Side One: Negative Effect

Focusing on psychological mechanisms, media theorists Craig Anderson, Brad Bushman and L. Rowell Huesmann are among the strongest proponents of the hypothesis that violent media causes an increase in aggressive behavior and a decrease in prosocial behavior, or expressing concern for and caring about other people.  While this effect has been found in studies on all kinds of media, they argue that the possible effects are even more problematic in video games, due to the interactive nature of the medium.

This is because the researchers base their findings on broader social science theories like Social Learning Theory and Script Theory. Social Learning Theory, originally advanced by psychologist Albert Bandura in 1977, argues that individuals learn behaviors from the environment around them, including both real life and mediated experiences. They then have a tendency to enact these behaviors in their own lives.  On the other hand, Script Theory posits that individuals tend to rely on a set series of “scripts”, or behavioral programs they tend to use to respond to a variety of situations.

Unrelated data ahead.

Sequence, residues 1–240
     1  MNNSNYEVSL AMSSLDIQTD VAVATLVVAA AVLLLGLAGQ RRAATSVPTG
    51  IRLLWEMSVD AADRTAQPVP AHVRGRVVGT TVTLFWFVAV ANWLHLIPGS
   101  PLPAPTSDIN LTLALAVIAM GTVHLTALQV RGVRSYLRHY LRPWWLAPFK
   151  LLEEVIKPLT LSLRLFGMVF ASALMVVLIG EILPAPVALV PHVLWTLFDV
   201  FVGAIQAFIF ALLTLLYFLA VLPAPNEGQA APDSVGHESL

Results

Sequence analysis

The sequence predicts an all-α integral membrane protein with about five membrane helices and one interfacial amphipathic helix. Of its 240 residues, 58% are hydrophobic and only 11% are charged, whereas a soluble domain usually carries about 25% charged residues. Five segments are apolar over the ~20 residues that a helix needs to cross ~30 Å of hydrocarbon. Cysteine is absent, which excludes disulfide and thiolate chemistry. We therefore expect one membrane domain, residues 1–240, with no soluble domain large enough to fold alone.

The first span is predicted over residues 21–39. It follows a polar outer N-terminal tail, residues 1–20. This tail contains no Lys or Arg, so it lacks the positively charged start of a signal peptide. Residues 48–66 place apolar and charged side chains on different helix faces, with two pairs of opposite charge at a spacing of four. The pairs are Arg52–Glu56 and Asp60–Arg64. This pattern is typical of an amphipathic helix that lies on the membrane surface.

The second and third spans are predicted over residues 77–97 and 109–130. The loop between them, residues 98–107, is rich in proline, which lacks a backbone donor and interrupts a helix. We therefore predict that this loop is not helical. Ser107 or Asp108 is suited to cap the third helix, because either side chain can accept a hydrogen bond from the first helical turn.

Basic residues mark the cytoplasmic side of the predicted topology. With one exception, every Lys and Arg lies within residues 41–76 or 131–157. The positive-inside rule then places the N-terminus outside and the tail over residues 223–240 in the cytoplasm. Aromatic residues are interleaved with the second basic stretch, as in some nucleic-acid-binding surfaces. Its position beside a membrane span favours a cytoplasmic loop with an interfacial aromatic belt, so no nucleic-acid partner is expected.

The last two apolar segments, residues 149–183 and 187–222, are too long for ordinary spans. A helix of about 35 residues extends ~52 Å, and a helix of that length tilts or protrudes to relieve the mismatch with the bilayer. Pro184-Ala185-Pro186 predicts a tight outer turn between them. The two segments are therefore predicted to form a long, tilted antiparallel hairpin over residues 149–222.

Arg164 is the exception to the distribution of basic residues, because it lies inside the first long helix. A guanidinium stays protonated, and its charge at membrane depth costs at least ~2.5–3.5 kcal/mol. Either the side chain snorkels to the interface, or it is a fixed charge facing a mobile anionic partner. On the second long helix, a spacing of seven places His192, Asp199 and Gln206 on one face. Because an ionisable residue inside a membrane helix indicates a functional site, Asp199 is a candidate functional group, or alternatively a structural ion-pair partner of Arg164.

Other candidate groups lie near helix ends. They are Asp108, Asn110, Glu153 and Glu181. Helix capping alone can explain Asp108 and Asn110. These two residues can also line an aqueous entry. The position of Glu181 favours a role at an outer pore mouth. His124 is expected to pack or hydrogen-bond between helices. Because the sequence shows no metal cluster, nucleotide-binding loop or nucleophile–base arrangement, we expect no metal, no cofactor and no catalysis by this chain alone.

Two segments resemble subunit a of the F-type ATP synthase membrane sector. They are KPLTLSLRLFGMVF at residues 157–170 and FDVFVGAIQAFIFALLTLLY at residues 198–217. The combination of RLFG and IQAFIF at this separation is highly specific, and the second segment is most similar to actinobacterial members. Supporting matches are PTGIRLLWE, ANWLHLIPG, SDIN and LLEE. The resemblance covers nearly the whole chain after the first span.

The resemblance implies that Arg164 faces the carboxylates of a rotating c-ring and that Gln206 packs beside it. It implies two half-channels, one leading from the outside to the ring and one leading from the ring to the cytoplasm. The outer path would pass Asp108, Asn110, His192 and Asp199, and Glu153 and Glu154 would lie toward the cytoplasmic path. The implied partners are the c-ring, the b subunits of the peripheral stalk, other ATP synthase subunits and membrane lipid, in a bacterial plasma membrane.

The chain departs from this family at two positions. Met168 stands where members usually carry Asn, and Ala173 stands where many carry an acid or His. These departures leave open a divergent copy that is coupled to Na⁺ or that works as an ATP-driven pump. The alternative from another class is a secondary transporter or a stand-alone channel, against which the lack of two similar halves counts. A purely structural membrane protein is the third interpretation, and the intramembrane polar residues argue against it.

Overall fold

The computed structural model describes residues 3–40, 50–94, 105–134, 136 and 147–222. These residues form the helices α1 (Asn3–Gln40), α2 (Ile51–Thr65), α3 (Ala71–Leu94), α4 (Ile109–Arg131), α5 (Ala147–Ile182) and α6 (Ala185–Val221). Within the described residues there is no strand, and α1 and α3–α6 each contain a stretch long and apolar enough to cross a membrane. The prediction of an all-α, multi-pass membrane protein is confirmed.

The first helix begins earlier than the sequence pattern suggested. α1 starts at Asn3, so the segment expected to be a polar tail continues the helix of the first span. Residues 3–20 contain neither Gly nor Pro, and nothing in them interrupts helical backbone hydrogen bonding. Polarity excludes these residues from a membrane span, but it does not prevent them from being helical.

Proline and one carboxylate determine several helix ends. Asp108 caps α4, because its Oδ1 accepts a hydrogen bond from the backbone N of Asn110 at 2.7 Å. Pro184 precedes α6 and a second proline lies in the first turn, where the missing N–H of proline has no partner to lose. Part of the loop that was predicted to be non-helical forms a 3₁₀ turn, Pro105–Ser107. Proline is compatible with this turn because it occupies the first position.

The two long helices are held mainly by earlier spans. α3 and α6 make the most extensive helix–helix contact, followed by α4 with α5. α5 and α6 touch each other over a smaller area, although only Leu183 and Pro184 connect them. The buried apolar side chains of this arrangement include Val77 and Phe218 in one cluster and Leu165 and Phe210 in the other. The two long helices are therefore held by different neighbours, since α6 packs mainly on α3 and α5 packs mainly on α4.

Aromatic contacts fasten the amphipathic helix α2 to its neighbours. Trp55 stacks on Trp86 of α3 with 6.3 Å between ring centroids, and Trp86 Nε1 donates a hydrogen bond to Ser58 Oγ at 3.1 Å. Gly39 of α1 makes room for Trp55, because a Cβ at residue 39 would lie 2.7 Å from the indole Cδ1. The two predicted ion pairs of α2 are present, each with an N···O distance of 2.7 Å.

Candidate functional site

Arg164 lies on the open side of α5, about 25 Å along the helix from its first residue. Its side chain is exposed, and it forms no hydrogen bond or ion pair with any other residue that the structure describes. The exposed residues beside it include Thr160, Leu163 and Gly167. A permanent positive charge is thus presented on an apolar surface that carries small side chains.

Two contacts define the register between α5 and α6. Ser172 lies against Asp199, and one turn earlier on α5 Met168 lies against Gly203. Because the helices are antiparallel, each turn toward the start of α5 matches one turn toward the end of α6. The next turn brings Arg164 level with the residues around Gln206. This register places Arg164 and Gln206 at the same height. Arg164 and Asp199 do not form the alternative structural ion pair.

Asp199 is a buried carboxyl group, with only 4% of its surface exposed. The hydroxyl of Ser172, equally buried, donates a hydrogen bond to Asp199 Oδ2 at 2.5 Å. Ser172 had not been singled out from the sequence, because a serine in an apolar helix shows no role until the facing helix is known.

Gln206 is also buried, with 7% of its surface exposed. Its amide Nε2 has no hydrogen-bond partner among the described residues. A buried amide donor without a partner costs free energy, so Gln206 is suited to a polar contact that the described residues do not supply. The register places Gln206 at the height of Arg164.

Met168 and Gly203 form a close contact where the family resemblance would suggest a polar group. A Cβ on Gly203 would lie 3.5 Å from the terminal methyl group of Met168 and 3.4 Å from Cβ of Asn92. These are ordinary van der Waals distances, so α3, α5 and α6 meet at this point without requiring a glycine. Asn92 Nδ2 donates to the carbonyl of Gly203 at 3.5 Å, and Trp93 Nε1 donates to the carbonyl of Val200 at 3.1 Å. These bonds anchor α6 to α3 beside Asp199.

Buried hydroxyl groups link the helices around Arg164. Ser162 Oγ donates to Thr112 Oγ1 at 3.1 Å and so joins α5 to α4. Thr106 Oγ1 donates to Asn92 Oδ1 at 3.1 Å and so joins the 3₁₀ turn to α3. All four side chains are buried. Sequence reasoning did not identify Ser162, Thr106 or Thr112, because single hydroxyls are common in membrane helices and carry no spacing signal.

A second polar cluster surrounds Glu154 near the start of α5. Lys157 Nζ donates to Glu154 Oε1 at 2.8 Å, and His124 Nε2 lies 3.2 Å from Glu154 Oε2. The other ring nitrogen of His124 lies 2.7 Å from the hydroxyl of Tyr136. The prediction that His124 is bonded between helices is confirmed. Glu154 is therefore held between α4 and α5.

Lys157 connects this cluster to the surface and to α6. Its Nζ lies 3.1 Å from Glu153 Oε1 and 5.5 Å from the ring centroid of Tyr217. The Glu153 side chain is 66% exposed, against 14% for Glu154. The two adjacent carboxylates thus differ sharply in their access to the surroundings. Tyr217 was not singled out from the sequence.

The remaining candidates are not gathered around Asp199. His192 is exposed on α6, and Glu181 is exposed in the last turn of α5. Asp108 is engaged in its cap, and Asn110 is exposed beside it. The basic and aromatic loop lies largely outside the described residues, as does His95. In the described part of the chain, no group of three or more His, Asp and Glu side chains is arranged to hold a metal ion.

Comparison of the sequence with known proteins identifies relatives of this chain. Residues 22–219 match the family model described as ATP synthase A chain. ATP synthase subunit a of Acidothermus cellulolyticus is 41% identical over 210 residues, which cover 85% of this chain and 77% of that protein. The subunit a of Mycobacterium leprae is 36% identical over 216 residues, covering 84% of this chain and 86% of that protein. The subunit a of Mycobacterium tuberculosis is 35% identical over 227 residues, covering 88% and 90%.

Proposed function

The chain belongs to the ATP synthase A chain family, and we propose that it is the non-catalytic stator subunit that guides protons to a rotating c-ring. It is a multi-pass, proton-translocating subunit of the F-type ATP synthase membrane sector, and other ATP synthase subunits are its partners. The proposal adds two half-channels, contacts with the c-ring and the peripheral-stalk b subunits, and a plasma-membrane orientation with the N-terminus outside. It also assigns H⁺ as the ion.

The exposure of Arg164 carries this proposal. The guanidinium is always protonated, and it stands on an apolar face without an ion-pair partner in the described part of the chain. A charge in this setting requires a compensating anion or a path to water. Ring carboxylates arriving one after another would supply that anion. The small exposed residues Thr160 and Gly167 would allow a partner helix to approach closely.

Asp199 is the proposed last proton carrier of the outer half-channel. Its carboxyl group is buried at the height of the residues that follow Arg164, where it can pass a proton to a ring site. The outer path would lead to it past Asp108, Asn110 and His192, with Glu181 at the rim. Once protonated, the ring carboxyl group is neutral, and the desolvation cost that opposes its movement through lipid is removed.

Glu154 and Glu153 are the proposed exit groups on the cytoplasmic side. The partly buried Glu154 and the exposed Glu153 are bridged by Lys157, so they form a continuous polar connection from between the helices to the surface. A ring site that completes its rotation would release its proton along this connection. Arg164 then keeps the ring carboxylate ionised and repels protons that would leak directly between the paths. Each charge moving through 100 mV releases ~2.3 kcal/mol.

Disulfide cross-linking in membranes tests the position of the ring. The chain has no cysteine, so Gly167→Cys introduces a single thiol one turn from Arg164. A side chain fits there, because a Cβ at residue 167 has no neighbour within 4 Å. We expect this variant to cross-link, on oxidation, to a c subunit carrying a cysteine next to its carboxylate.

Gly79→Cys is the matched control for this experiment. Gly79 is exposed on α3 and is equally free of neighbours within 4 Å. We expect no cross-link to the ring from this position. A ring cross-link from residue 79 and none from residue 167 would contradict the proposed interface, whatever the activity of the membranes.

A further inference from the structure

In both these theories, then, playing violent video games is expected to increase aggressive behaviors as players learn more aggressive behaviors to imitate, or are trained to privilege aggressive scripts over more passive ones.

Significantly, this research has been quoted by lawmakers repeatedly to defend their proposed laws in court and to argue for greater government regulation of video games, with Anderson and Bushman serving as frequent expert witnesses.

To explore this research more fully, the following articles provide an overall view of the current arguments for effects of violent media.

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